Not all were surprised by the collision however. Astrophysicist Slater Wallace speculated that "the big moon was probably trying to get over on some of the little moon's asteroids or something and probably had it coming" while theoretical physicist Ng Lee observed that the collision was "entirely in keeping with Newtonian and Keplerian laws of planetary motion."

Read all about it...

Tuesday, January 10, 2006

Rodent brains will eat our lunch

I'm a big supporter of science and scientific endeavors, and a major detractor of science's...detractors, I guess you could say. But I've been seeing a lot of stories lately that make me think either we're at the beginning of a really disturbing trend in science, or that old Mother Nature is working overtime on getting us to wipe ourselves out. Perhaps she's not happy with how quickly we're killing ourselves through stupidity, so she's started working harder on the other end of the spectrum.

Indulge me while I connect some dots.
  1. Scientists have long been working on linking brain cells to computers. In 1999, scientists in California developed an electronic neuron that communicates with lobster brains (using $7.50 worth of parts from Radio Shack. I kid you not.)

  2. Scientists in Germany and Canada have developed microchips that can interact with human brains.

  3. Not just newer chips, but newer types of brains are also part of the trend. F'rinstance, scientists in California have succeeded in creating mice that have human brain cells in their heads.

    I wonder if they name these mice. Do they give them names like Tennyson or Franklin?

  4. The final piece of the puzzle is the announcement that scientists have succeeded in growing a small rat brain from scratch and getting it to interact with a computer. And just how do the scientists verify that this "brain" is interacting with the computer? Do they have it blink some lights or sound a buzzer? No, they teach it how to pilot an F-22 jet fighter.

Do you see where I'm going with this? Am I the only one who finds it more than a wee bit disturbing?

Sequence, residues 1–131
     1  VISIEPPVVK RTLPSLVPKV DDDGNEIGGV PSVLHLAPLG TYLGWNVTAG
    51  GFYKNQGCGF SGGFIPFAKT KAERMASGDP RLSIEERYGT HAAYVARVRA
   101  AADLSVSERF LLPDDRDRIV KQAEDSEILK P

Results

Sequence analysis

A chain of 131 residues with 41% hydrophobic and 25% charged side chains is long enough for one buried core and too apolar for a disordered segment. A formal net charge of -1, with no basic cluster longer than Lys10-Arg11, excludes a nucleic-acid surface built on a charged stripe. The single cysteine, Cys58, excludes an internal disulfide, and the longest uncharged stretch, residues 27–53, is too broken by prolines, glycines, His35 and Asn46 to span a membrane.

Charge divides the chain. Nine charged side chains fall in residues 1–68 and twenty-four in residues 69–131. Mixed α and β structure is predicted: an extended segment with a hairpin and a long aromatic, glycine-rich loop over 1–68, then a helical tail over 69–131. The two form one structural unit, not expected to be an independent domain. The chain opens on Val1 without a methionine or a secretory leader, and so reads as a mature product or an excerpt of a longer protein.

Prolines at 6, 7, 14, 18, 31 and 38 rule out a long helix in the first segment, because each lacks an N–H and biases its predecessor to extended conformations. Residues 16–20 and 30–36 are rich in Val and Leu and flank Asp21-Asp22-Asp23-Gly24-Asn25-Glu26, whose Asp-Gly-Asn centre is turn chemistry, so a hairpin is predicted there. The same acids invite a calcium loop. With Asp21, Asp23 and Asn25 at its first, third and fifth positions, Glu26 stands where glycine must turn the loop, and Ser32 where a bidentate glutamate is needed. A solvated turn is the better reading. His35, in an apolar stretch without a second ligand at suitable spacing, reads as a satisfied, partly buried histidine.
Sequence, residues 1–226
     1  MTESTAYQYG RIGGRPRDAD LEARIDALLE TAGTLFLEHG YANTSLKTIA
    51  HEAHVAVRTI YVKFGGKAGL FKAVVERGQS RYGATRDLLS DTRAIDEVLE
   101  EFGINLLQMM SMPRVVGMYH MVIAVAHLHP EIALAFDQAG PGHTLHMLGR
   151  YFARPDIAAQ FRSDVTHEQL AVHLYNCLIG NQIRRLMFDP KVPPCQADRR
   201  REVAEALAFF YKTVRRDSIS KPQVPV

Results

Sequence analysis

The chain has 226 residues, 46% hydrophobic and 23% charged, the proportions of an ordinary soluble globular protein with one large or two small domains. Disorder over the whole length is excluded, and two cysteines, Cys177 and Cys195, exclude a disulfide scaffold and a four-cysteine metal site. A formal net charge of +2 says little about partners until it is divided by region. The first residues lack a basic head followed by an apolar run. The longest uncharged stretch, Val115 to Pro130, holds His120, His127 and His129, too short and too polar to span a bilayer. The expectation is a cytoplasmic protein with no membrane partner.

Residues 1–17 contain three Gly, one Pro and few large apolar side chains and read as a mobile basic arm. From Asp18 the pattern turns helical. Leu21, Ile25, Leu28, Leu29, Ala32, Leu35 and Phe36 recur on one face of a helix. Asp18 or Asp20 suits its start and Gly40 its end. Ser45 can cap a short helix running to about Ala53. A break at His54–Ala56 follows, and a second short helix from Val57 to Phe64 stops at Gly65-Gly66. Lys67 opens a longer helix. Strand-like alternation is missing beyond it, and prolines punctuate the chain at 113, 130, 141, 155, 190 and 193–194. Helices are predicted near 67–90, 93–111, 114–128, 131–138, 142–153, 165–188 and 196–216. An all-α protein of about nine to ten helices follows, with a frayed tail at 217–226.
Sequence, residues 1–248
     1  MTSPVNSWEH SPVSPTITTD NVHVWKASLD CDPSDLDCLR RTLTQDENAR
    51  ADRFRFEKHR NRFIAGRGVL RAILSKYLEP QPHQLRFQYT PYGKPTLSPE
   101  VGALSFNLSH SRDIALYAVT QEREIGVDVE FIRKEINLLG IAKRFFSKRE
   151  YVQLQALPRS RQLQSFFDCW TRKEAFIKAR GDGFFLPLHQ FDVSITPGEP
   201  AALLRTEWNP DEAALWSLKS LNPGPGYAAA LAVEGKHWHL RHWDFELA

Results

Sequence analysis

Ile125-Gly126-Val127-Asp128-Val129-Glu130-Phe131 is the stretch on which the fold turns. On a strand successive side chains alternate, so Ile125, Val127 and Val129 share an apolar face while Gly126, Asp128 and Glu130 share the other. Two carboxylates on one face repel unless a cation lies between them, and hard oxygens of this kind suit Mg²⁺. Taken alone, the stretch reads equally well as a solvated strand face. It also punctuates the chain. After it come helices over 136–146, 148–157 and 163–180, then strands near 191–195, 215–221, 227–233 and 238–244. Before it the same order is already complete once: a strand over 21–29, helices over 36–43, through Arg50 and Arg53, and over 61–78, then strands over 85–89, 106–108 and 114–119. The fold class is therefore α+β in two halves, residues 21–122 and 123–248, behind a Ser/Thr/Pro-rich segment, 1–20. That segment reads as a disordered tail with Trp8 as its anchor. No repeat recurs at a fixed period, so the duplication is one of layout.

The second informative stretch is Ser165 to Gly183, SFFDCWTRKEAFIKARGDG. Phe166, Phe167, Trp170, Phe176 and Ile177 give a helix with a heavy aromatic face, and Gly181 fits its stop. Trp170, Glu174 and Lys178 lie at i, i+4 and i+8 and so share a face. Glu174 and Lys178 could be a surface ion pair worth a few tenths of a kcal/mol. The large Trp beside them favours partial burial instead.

Thursday, November 10, 2005

A solution

With the holidays approaching, I was thinking lately about wish lists.

I've got one on Amazon, as I'm sure everybody capable of reading this does. I also have a few scattered around on various merchant sites I frequent (mostly 3-D model & software sites like DAZ3D and Renderosity.) But there are a number of other merchants I like, and they all have their own web sites, which may or may not include wish lists.

The problem is, suppose someone wants to buy me a present. How are they supposed to know where to go on the web to find things I might want other than those listed on Amazon?

I considered looking around for a gift registry website. My wife and I used one in the past ( for my daughter's baby shower.It worked well enough for that task, but it didn't have all the features of Amazon's list.

The more I thought about it, the more I realized that the perfect gift list app existed already -

In case you haven't heard about this free service, it's pretty much a public list of browser favorites or bookmarks. You can easily add favorite web addresses to this list, and not only can you annotate them and access them from anywhere, but others can see them too.

The most powerful feature of this service is the ability to tag each item on the list with one or more keywords. This makes searching, sorting and filtering the list trivially easy, and does away with all that nested-folder malarkey found in the browser's bookmark managment component.

Because you will wind up using many of the same tags that others use, this service also becomes a powerful way of sharing and rating websites. If you have three bookmarks that are tagged with the keyword "photoshop", chances are good you will be interested in sites other users have tagged with the keyword "photoshop." Chances are also good that you might be interested in other sites tagged by users whose lists of keywords are similar to yours.

I realized this is also the perfect medium for public wishlists. You can link directly to the product pages for items you are interested in, add a line or two of descriptive text, a la Amazon, and tag items using keywords. You might have keywords for the type of gift - clothes, software, tools, toys, etc. You might have keywords for your level of desire for the item in question - "liketohave" "lovetohave" "needtohave" "pleasepleaseplease" and so on. Your wishlist is in a simple-to-remember format: for example.

It seems like a good idea - the only problem I can see is that since all keywords are public, and are ranked according to usefulness, the main ones would quickly become meaningless. If everybody's wishlist had one or more "lovetohave" keywords, that might quickly become the most popular keyword on the service. But unlike "photoshop", the "lovetohave" keyword tells you nothing about the nature of the link or the person who posted it. So I suppose its possible this idea could pollute - or perhaps dilute is a better term - the pure concept.

I think I'll give it a try anyway. ;-)